Human extravillous trophoblast invasion: Intrinsic and extrinsic regulation

E. Menkhorst, A. Winship, M. Van Sinderen, E. Dimitriadis

Research output: Contribution to journalReview ArticleResearchpeer-review

36 Citations (Scopus)


During the establishment of pregnancy, a human blastocyst implants into the uterine endometrium to facilitate the formation of a functional placenta. Implantation involves the blastocyst adhering to the uterine luminal epithelium before the primitive syncytiotrophoblast and subsequently specialised cells, the extravillous trophoblast (EVT), invade into the decidua in order to engraft and remodel uterine spiral arteries, creating the placental blood supply at the end of the first trimester. Defects in EVT invasion lead to abnormal placentation and thus adverse pregnancy outcomes. The local decidual environment is thought to play a key role in regulating trophoblast invasion. Here we describe the major cell types present in the decidua during the first trimester of pregnancy and review what is known about their regulation of EVT invasion. Overall, the evidence suggests that in a healthy pregnancy almost all cell types in the decidua actively promote EVT invasion and, further, that reduced EVT invasion towards the end of the first trimester is regulated, in part, by the reduced invasive capacity of EVTs shown at this time.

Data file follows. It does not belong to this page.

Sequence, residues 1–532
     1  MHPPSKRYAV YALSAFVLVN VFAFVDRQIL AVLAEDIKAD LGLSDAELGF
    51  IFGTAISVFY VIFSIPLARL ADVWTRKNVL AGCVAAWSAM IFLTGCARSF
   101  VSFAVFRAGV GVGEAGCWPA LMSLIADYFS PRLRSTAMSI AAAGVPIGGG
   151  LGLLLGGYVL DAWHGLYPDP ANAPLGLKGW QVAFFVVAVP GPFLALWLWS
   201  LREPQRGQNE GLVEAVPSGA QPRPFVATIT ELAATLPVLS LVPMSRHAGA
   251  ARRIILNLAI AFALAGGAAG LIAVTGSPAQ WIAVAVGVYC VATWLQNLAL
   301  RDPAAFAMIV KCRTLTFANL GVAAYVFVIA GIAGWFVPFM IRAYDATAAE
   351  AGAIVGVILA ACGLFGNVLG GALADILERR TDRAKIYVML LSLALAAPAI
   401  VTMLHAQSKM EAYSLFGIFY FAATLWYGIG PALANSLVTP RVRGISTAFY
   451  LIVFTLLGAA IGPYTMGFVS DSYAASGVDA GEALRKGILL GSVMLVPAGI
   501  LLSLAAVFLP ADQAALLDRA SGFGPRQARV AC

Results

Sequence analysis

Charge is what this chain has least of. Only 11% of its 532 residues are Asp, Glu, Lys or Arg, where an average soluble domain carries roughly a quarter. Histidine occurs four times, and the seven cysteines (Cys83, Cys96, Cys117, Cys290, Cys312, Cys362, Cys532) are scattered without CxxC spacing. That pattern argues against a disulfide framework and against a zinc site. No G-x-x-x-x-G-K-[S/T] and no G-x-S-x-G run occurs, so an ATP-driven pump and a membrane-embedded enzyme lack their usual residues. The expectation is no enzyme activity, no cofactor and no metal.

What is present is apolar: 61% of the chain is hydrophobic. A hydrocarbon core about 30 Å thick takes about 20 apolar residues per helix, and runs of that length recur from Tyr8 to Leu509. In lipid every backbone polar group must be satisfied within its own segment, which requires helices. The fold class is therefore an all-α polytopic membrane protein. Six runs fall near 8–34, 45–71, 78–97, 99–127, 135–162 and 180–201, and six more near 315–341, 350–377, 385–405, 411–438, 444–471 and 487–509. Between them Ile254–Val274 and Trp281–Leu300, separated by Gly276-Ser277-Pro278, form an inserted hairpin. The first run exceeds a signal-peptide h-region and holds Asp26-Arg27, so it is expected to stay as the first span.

Original languageEnglish
Pages (from-to)406-415
Number of pages10
JournalReproduction, Fertility and Development
Issue number4
Publication statusPublished - 2016


  • decidua
  • macrophage
  • placenta
  • spiral artery
  • T cell
  • uterine natural killer

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